Most Australians believe the Australian Government should do more to help low-income nations address climate change, while 58% of citizens think climate change impacts “poor people more than wealthy people,” a new poll has revealed.
The Making Things Right report, conducted by YouGov on behalf of aid organisation CARE Australia, details Australian attitudes towards global warming and climate change, including whether or not the Australian Government has a responsibility to help low-emitting, climate-vulnerable countries.
The poll, which surveyed over 1,000 Australians country-wide in September, also found that 64% of Australians believe wealthy nations have contributed the most to climate change and therefore should do the most to combat it. Just over 60%, meanwhile, believe Australia’s closest neighbours in the Pacific face the “most risk from disasters fuelled by climate change.”
When asked about emissions per capita, just 14% of the population correctly guessed that Australia exceeds China.
Australia currently emits 15.5 metric tonnes of CO2 per person, against China’s 7.4.
MEDIA RELEASE: Majority of Australians want Gov to provide more climate support to developing countries #ClimateJusticehttps://t.co/b2sSIT9ier— CARE Australia (@CAREAustralia) October 28, 2021
CARE Australia CEO Peter Walton has called on the government to listen to the public and immediately announce new funding.
"We’re recommending the Australian Government immediately double its climate finance commitment to $3 billion over 2020-2025, and progressively increase this to achieve our fair share of $12 billion annually by 2030,” Walton told Global Citizen. “This should be in addition to the current aid budget, and should not take away from funding other vital areas of aid such as health, education and women’s empowerment.”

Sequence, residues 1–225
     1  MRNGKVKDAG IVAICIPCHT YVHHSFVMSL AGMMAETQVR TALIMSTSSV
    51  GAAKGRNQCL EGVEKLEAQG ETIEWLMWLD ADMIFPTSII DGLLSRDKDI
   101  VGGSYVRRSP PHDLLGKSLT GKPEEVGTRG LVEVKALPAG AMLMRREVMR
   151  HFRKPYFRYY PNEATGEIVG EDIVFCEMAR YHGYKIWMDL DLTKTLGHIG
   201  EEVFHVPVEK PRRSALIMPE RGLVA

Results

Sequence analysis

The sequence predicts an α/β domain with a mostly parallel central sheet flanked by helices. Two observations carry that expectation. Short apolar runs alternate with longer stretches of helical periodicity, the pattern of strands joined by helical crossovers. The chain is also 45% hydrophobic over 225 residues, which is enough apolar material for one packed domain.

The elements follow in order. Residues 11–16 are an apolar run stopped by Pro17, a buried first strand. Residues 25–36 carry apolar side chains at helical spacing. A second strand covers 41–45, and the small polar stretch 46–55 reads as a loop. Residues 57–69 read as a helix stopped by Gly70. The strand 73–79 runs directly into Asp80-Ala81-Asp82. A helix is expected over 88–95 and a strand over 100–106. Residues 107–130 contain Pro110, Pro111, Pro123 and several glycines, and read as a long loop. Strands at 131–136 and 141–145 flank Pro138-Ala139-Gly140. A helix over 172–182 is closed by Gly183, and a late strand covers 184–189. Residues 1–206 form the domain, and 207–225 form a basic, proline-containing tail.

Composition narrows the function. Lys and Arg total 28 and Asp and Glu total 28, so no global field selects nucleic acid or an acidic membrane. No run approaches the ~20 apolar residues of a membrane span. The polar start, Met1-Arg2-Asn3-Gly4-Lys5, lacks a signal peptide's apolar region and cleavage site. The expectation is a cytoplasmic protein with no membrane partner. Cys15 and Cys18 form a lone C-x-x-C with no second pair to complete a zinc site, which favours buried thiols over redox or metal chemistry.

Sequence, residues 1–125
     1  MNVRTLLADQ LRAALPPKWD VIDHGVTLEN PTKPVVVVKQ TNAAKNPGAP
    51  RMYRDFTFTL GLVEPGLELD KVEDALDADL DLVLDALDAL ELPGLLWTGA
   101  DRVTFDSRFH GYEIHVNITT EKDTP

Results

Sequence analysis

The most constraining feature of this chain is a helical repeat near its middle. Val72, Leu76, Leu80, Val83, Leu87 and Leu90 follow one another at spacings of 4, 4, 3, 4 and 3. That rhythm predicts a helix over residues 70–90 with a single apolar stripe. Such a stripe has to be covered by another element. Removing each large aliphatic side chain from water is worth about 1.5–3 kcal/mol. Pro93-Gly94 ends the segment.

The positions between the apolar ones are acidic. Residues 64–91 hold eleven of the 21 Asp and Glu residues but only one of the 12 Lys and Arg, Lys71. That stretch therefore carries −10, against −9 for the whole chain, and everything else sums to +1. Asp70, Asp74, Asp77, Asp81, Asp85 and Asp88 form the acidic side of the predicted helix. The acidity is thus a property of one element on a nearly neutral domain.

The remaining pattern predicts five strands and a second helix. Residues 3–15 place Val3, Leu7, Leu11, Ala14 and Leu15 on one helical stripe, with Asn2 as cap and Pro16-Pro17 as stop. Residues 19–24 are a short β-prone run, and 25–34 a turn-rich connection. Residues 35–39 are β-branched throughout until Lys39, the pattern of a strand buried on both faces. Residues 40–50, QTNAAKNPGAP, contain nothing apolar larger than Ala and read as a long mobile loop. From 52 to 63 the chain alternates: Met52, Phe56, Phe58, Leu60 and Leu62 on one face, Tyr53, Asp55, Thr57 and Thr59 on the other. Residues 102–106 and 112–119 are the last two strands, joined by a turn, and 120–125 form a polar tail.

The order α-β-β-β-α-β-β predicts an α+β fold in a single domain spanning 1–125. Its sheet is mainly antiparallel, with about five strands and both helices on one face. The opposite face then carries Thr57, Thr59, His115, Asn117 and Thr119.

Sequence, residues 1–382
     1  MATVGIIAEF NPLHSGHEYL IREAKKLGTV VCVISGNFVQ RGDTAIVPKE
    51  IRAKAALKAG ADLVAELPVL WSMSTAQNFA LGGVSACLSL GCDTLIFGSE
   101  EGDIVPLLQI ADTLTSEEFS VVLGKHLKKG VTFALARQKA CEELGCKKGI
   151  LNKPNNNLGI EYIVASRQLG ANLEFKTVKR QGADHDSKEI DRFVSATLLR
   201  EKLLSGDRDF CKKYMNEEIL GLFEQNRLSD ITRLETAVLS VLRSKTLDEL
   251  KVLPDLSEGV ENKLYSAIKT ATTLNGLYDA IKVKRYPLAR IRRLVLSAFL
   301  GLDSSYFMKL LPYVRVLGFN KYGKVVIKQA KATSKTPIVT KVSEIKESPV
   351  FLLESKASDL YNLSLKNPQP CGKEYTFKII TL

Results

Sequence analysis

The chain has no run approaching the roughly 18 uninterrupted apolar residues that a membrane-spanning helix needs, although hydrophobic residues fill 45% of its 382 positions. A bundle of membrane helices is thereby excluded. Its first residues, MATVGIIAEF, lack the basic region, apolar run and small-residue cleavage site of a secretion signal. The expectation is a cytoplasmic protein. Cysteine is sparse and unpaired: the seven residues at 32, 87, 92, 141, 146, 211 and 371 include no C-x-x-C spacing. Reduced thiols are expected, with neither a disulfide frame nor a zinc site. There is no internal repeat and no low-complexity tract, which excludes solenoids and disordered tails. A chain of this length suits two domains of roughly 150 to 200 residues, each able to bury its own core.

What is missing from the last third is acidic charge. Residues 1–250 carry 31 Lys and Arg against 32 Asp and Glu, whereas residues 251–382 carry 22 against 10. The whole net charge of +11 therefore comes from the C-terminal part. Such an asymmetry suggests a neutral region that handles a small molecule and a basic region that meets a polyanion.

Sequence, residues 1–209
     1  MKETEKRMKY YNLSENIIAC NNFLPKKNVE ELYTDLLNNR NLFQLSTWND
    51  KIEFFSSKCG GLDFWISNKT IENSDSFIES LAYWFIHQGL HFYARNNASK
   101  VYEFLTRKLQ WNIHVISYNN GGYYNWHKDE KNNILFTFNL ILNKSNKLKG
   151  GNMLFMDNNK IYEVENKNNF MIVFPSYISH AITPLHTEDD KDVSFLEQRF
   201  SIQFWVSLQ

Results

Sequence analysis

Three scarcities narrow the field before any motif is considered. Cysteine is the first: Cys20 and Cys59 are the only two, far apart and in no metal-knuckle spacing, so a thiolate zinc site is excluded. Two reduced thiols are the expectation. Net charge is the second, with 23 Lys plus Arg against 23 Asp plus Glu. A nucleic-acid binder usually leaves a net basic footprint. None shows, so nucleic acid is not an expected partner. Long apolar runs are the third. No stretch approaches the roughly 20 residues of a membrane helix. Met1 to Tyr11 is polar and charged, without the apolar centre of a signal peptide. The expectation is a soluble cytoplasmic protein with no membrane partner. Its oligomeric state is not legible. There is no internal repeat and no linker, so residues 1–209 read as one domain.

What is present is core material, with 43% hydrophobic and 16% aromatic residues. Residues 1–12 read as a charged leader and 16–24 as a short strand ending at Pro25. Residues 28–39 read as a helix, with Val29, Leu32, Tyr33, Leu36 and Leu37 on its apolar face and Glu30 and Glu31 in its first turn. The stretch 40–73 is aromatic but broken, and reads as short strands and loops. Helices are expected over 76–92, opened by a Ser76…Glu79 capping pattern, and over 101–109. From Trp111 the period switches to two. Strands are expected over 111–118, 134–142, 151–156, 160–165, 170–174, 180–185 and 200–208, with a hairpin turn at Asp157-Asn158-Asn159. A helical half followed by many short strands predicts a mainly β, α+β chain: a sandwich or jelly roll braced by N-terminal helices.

Walton explained additional funding could help strengthen early-warning systems, train people in adaptive farming and fishing techniques and crucially, ensure the establishment of homes and buildings that can withstand disasters and rising seas.
CARE has recommended 20% of the additional funding be secured for projects that specifically target women.
A similar Climate Poll by the Lowy Institute reveals the percentage of Australians concerned about climate change is increasing.
The Climate Poll 2021 shows that this year, 55% of Australians feel the Australian Government's key priority when it comes to establishing and enforcing energy policy should center around reducing carbon emissions, up from 47% in 2019.
Similarly, 60% of Australians feel the government should begin taking steps to address global warming — up from 56% the year prior, even if they involve high costs. However, it should be noted that responses have fluctuated, with 36% agreeing in 2012 and 68% in 2006.
Walton believes concern about climate change is increasing because Australians can now see its detrimental effects up close.
"Australians are seeing the devastating effects of climate change first-hand, such as the terrible 2019-2020 bushfires. At the same time, we’re aware that some of our neighbours in the Pacific have water lapping at their doors,” he said. “Australians believe in fairness, and these results show they’re not prepared to stand by and let the people least responsible for climate change suffer the most.”
This year, the United States, United Kingdom and Canada have all doubled their climate finance commitments.
Global Citizen has long called for Australia to increase climate financing. You can take action with Global Citizen here.